If you’re not one to believe in fate, then I would say you were a lot like me when I was 18 years old before anything ever happened with my skin.
I was in my senior year of high school sitting in my anatomy class when my teacher assigned a project on skin disorders. Rolling my eyes at just another task I had to complete before my diploma, I picked vitiligo. I’d seen bits of vitiligo-esque discoloration on people’s hands before, but other than that, I knew nothing of what I’d soon learn was an incurable disorder. I spent an entire week on the project looking up pictures, scouring Google Scholar. I learned that when someone begins to show signs of vitiligo, it’s because their is skin losing its ability to re-create pigmented cells. I presented the project, took an A, and released my inner hypochondriac from her duties.
Long before vitiligo was a part of my life (or my school’s curriculum), I was bullied a lot by girls my age about how I looked. I always had this mindset that I was the bottom tier choice for any guy I met. I somehow still managed to date someone for two years in high school. He was a truly kind and genuine person and he helped me not worry about what other people said about me. But when we both went to college and went our separate ways, my attitude slowly reverted back to my old way of thinking.
Two years later, I had just moved back home for the summer before my junior year of college. I was getting dressed when I noticed two pale blotches on my stomach. Was this a birthmark I had never noticed? Did I do a really awful job applying tanning lotion from the weekend prior? It could have been, but it wasn’t. That’s how vitiligo works, you see; it just pops up casually overnight anywhere it chooses to on your naked body.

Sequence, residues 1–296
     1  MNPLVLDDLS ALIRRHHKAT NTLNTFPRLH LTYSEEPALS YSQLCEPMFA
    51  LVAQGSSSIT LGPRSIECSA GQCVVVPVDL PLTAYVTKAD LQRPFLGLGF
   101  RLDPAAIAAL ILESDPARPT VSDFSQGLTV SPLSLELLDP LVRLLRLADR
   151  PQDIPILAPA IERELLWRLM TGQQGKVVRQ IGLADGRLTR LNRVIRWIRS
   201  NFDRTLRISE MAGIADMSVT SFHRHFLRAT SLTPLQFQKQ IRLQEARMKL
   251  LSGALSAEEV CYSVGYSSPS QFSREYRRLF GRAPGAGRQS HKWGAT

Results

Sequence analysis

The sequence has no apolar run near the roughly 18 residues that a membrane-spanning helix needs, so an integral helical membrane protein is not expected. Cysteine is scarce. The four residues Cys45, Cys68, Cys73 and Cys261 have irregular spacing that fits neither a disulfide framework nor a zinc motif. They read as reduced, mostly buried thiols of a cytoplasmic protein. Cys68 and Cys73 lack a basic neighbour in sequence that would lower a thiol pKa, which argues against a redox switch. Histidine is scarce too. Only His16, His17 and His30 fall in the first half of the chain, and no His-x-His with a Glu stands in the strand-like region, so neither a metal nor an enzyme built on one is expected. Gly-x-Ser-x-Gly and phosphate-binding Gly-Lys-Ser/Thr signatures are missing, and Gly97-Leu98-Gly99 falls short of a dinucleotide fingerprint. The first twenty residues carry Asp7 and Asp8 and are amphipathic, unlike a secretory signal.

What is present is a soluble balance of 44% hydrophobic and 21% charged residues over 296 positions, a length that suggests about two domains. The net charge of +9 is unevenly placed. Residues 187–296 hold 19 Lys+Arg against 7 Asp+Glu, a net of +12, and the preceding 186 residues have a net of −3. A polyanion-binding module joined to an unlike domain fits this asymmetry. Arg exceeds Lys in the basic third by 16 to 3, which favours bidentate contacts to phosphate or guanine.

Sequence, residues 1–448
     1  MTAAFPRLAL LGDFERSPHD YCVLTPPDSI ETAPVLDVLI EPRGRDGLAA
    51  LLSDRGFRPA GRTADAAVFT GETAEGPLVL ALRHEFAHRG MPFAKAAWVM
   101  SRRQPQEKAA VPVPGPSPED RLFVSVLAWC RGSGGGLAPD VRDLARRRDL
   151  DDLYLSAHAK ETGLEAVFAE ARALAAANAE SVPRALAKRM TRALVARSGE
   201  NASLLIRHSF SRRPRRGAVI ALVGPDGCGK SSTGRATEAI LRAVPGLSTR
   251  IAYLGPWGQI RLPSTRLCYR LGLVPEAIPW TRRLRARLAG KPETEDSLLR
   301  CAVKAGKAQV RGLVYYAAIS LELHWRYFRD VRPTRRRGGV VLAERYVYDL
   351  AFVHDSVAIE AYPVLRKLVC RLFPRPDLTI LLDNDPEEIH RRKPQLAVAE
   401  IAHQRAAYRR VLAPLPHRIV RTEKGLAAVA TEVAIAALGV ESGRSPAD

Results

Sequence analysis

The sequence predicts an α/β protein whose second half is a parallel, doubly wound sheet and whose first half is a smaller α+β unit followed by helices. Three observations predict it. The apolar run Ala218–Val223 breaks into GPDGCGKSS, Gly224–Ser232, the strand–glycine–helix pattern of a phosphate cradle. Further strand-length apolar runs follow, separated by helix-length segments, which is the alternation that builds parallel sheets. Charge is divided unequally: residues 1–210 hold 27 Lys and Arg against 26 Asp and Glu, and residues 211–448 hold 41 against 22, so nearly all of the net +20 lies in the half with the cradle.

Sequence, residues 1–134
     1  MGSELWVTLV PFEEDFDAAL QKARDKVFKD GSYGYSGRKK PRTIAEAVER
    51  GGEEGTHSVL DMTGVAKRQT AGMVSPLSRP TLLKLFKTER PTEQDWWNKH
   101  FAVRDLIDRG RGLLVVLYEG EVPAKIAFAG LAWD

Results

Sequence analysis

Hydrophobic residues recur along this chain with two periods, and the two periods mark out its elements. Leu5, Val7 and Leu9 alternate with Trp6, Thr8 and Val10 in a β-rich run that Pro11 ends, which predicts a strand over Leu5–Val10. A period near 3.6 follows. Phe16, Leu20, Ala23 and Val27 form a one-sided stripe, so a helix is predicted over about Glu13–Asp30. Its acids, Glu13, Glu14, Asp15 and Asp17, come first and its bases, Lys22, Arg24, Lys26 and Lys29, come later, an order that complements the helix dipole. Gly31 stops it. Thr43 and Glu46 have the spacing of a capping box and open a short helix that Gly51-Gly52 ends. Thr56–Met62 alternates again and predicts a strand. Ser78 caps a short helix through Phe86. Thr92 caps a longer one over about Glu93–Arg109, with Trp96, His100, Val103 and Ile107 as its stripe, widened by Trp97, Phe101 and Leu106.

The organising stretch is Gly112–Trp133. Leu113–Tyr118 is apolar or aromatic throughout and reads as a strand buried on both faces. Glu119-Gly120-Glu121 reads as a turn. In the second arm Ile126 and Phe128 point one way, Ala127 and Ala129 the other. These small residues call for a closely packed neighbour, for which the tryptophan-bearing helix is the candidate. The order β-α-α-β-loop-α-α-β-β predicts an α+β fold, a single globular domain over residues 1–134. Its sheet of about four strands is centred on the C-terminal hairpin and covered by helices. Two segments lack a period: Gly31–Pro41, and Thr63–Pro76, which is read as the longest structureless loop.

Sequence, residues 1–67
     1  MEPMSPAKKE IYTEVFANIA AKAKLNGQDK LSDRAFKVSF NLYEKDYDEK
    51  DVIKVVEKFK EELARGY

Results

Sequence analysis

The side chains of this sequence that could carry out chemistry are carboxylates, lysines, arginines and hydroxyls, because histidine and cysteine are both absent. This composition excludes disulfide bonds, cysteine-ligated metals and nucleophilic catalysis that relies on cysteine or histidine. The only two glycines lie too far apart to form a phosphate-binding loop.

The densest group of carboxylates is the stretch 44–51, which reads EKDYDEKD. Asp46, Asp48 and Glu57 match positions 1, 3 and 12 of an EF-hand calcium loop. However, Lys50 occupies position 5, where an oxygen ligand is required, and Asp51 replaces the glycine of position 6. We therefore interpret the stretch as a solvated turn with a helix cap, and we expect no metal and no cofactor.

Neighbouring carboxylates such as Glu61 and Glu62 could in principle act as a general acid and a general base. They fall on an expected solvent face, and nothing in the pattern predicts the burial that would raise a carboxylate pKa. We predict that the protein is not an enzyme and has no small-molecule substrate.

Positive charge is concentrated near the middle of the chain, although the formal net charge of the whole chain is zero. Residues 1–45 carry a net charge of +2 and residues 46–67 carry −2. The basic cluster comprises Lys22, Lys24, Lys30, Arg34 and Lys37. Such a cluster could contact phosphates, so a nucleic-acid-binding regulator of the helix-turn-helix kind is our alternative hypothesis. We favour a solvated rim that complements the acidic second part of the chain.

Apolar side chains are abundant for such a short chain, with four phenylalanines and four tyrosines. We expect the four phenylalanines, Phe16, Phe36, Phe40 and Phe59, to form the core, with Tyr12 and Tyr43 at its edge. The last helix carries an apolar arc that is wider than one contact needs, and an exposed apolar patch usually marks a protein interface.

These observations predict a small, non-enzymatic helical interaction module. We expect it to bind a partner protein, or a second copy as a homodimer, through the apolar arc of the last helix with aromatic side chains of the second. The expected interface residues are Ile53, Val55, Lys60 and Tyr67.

Typically, you head straight to Google to look for all the information you can when you find an abnormality on your skin. But with my research paper still fresh in my mind, I knew all the information that I needed.
Here at Byrdie, we know that beauty is way more than braid tutorials and mascara reviews. Beauty is identity. Our hair, our facial features, our bodies: They can reflect culture, sexuality, race, even politics. We needed somewhere on Byrdie to talk about this stuff, so… welcome to The Flipside (as in the flipside of beauty, of course!), a dedicated place for unique, personal, and unexpected stories that challenge our society’s definition of “beauty”. Here you’ll find cool interviews with LGBTQ+ celebrities, vulnerable essays about beauty standards and cultural identity, feminist meditations on everything from thigh brows to eyebrows, and more. The ideas our writers are exploring here are new, so we’d love for you, our savvy readers, to participate in the conversation too. Be sure to comment your thoughts (and share them on social media with the hashtag #TheFlipsideOfBeauty). Because everybody gets to be heard on The Flipside.
Opening Image: Amy Deanna